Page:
We tried to shake him out of it but he didn’t want to go. The trap was quite difficult to open without risking being bitten but eventually we managed to jam it open with sticks. Now we peeled the black bag right away and Mr Fox came to life and darted out. He ran up the track ahead of the place we were parked about 100 meters, and in true Walt Disney fashion, he stopped and looked over his shoulder at us for a second to two and then disappeared. Then I threw up.
We went back home, cleaned the cage and returned it. The car wasn’t the same for a few days and I felt guilty and a bit down. Nick tried to cheer me up, saying that in England such a fox would be shot as vermin, but I still felt a bit guilty. We chose to live in his wood. He didn’t force us to come there or invade our city.
Two days later, when I looked out to where I had seen Mr Fox so often, two deer were grazing on the grass under the fruit trees just in front of the house. It was such a sweet sight. I seems that getting rid of the fox allowed other animals in.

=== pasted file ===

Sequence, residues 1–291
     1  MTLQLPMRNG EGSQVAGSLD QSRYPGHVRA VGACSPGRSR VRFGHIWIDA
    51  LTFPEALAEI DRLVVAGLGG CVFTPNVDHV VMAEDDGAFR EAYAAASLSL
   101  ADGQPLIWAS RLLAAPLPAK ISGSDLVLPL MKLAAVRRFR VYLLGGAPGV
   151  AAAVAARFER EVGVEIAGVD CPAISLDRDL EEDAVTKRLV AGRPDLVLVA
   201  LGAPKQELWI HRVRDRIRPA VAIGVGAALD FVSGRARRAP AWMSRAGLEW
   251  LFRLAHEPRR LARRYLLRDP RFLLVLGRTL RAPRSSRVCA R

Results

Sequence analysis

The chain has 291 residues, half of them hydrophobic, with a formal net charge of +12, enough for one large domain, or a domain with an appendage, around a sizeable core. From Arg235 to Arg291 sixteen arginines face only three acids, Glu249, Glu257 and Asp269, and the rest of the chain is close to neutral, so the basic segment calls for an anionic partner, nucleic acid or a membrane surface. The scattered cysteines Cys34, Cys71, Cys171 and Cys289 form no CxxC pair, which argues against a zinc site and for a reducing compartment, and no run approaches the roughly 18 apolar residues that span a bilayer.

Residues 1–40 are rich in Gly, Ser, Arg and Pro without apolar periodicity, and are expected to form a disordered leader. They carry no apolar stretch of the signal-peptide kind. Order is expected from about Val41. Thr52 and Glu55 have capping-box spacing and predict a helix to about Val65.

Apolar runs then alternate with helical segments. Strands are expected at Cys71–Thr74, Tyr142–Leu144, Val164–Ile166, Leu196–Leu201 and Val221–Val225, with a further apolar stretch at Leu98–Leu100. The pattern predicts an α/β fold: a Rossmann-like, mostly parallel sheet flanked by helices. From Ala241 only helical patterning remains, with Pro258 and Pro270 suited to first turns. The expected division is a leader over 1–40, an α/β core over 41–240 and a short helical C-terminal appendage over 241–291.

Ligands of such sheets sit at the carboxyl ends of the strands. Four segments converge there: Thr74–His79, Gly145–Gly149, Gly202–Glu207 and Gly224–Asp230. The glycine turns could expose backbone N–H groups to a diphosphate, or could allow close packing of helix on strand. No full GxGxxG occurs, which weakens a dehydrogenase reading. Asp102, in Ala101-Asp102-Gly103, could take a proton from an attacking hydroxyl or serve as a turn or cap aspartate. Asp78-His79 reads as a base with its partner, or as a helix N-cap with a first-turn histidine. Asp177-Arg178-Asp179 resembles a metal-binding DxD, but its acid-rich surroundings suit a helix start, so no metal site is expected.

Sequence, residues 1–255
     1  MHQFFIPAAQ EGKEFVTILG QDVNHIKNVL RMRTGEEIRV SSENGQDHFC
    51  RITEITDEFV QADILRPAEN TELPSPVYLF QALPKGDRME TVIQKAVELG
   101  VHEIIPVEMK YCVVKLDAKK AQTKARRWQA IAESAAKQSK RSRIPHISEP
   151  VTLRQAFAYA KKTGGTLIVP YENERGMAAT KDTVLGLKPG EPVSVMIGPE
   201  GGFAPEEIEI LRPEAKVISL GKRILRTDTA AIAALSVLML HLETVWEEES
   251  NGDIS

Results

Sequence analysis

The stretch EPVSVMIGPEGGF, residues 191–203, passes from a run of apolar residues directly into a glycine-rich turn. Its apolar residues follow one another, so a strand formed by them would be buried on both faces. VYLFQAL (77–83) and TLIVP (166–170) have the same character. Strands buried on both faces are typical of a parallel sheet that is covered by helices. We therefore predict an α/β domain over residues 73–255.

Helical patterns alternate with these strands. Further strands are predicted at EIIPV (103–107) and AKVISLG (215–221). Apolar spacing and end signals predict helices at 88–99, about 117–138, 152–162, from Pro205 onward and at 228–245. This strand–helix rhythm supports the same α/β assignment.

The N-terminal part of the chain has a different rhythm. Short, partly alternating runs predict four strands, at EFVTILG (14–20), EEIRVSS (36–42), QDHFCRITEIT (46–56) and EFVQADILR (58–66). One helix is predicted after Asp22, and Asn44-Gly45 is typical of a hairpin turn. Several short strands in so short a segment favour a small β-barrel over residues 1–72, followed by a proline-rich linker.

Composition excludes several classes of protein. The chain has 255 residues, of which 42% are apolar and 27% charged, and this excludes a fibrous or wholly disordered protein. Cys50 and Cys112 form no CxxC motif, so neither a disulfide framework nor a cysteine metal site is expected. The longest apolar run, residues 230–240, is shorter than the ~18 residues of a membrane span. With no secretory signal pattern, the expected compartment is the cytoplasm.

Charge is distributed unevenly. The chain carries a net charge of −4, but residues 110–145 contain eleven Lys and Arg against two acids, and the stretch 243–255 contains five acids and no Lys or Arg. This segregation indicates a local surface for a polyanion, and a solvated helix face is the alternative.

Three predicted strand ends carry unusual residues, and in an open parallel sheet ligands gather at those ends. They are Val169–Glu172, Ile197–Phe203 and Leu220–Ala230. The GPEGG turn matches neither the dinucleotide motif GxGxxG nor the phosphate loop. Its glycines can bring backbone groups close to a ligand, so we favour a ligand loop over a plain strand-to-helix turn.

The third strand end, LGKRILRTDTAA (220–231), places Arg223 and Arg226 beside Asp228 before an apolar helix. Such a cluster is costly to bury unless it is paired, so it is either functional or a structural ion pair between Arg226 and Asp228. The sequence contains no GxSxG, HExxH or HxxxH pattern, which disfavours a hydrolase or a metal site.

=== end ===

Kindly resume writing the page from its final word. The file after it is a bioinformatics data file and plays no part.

I miss seeing his cheeky face through the kitchen window while making the girls’ breakfast. I half hope he will be so clever that he will find the way back. We sort of thought that he was back after a few days, when I found animal droppings in the same place where the fox used to leave them, and a neighbour found some holes under his fence – though it turned out to be a badger. Now I’m spending mornings hoping that the deer will come back again to graze on our fresh grass or eat windfall apples to get drunk on them as apparently they did last September after we had left.
I wrote this two weeks ago and left if unfinished. But yesterday when I was driving through the forest, I spotted a fox on “our” road. Was this Mr Fox? – I don’t know yet – but he wasn’t afraid much and he seemed to be giving me a strange look.
Our place in the south of Poland but our favourite city in Poland is Gdańsk – read guide to Gdansk.
What a fun story. I trapped a raccoon once and had to take it into the mountains in a similar manner, so I know exactly what you mean when you say you could almost see the stench. 🙂